. "5 Working Toward a Synthesis of Archaeological, Linguistic, and Genetic Data for Inferring African Population History--Laura B. Scheinfeldt, Sameer Soi, and Sarah A. Tishkoff ." In the Light of Evolution IV: The Human Condition. Washington, DC: The National Academies Press, 2010.
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In the Light of Evolution Volume IV: The Human Condition
The Spread of Pastoralism
Archaeological data suggest that the emergence of animal husbandry in northeastern Africa took place as early as ~11 kya (Wendorf and Schild, 1998). Archaeological studies in Nabta Playa (in Egypt’s Western Desert) reveal a spectrum of artifacts consistent with pastoralism and adaptation to the desert environment, including particular pottery styles (Khartoum tradition), evidence of well technology, and cattle burials (McDonald, 1998; Wendorf and Schild, 1998). By ~8 kya, evidence is present of imported (from the Middle East) sheep or goat remains in northeastern Africa [e.g., McDonald (1998)]. Some controversy persists in the archaeological community regarding whether cattle domestication was developed in northern Africa or imported from the Middle East; however, recent DNA analysis of extant indigenous African bovine taurine and zebu cattle (Hanotte et al., 2002) supports a model in which the earliest emergence of pastoralism involving taurine cattle took place in northeastern Africa and subsequently spread westward and southward (Hanotte et al., 2002). A recent analysis of NRY variation in 13 eastern and southern African population samples suggests that the spread of pastoralism from eastern Africa to southern Africa was accompanied by migration of pastoral peoples as well as pastoral technology as evidenced by the distribution of NRY haplogroup M293 (and the subclade E3b1f-M293) (Henn et al., 2008). Furthermore, the most likely source for this migration based on the samples included in Henn et al. (2008) would have been the southern Nilotic speaking Datog (because the haplotype frequency and diversity of M293 is highest in the Datog) ~2 kya (Henn et al., 2008).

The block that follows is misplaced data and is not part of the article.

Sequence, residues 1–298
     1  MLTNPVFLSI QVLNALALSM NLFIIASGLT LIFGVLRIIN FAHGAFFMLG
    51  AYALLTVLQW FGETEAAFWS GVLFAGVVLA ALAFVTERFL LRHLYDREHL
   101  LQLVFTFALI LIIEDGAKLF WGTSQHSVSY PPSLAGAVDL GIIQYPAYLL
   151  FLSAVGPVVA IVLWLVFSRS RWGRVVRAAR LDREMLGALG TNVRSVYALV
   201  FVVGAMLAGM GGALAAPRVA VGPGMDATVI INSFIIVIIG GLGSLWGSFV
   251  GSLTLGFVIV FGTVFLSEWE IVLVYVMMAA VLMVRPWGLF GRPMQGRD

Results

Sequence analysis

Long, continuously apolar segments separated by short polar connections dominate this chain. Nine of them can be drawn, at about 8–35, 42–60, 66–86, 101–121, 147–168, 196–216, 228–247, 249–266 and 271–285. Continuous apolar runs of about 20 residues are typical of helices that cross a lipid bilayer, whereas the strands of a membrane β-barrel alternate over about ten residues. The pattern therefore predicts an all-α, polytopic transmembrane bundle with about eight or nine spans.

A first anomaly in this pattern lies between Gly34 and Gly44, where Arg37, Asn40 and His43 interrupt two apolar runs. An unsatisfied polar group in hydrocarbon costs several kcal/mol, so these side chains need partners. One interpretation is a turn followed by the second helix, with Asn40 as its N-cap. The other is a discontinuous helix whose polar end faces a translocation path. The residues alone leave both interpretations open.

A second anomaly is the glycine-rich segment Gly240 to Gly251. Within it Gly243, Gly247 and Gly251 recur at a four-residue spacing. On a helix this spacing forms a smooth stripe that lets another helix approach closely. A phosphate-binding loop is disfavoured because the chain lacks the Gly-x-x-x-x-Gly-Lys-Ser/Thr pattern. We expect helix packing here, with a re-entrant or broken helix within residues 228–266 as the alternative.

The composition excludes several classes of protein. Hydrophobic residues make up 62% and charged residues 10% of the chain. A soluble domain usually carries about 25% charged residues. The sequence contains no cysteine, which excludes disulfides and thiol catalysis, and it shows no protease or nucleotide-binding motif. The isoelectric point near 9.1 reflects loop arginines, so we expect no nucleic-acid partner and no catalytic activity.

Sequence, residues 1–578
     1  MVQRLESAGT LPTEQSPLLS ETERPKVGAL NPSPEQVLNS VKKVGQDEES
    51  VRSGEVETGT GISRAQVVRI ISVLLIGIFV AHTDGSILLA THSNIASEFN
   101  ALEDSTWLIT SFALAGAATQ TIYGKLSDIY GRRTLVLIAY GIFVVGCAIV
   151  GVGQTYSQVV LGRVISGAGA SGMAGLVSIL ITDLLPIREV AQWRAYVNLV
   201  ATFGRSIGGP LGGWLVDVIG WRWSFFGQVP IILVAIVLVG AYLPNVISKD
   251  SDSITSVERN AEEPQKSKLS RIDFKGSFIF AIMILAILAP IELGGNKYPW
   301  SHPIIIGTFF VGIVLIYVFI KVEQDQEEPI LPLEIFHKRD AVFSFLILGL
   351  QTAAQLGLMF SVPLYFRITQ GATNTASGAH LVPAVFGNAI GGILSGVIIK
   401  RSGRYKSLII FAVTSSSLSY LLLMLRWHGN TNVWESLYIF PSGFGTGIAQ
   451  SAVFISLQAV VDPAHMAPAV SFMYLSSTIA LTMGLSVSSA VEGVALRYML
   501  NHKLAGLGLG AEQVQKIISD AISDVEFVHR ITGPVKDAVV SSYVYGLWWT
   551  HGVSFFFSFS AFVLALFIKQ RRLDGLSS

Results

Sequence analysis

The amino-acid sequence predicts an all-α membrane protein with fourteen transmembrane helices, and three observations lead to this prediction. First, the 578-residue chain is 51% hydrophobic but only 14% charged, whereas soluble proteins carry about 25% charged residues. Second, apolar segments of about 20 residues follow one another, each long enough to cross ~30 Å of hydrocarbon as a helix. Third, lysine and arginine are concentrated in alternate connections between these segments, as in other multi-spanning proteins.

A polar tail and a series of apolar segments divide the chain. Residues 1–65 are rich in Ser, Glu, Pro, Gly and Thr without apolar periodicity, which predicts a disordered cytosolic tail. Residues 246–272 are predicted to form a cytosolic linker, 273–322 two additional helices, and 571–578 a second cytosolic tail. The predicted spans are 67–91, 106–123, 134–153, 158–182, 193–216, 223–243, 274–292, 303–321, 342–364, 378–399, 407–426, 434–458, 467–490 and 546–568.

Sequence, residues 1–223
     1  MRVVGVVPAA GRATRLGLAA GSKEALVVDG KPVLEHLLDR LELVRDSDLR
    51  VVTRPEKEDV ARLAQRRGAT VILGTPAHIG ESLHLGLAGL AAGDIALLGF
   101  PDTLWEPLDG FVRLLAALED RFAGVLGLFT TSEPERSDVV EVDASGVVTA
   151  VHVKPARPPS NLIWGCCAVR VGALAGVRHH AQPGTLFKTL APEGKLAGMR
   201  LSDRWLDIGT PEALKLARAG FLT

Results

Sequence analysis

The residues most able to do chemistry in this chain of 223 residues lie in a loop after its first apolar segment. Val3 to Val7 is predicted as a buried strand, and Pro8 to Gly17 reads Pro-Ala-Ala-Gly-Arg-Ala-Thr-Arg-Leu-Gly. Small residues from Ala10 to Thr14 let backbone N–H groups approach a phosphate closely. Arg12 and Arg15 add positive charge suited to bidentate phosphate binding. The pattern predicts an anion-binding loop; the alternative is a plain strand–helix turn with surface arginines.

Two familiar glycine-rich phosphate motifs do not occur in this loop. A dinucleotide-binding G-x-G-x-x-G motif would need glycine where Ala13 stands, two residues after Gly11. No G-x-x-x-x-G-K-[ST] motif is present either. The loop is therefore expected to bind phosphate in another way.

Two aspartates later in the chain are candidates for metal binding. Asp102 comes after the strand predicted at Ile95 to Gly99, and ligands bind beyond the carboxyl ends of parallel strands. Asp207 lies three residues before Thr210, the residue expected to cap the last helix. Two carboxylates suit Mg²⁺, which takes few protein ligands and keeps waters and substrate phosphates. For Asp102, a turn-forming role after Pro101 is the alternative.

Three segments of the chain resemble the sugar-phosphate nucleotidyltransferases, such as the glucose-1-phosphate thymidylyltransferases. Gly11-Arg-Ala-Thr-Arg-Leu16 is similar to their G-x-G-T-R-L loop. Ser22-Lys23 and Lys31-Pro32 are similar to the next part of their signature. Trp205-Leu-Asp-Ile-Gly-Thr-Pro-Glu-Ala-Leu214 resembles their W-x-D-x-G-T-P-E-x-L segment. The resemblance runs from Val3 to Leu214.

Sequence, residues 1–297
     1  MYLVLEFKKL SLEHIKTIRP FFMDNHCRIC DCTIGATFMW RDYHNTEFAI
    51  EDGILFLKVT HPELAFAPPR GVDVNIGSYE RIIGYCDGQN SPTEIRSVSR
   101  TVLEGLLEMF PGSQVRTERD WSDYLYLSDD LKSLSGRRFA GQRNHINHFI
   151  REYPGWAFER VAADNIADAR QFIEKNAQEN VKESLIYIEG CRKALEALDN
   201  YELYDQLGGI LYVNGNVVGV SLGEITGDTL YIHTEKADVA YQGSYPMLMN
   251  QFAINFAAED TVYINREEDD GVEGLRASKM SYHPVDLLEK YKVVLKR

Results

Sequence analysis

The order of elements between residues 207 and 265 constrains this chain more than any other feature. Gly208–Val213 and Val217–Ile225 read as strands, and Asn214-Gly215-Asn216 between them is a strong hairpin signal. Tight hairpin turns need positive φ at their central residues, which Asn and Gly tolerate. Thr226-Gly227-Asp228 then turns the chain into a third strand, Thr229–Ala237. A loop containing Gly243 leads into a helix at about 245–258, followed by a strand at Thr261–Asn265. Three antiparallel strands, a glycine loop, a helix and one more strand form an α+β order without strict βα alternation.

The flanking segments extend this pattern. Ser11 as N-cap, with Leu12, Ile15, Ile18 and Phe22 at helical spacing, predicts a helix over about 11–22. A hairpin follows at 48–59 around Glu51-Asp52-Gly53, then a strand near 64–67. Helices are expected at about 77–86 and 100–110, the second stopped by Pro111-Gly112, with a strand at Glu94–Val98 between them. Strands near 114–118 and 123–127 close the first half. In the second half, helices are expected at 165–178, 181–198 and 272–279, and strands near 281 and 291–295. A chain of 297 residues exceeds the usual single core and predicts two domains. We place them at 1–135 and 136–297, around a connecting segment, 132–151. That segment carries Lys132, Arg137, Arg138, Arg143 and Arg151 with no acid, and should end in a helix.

Ehret (1967) inferred the history of pastoralism in Africa from a linguistic analysis of shared cognates. His findings support a relatively ancient emergence of pastoralism in northeastern Africa corresponding to Eastern Sudanic, Central Sudanic, and possibly Southern Cushitic speakers, followed by the subsequent spread of cattle keeping to western and southern Africa (Ehret, 1967). The relatively ancient emergence of pastoralism in the archeological record is supported by the reconstruction of proto-Cushitic languages. For example, there are at least two words for cattle that are thought to be relatively old, one in Northern Cushitic and the other in Central Cushitic. In proto-Cushitic, the word “hlee,” which translates to “head of cattle,” is related to the Southern Cushitic (Mbugu) word “hline,” which translates to “heifer” (Ehret, 1967), and so on. Furthermore, estimates of linguistic diversity of vocabulary related to cattle suggest that cattle keeping arose in northeastern Africa and subsequently spread to western and southern Africa (Ehret, 1967).
Ehret (1967) also argues that the spread of cattle milking was separate and more recent than the spread of cattle keeping. He discusses the assumption that the spread of cattle milking would require some discern-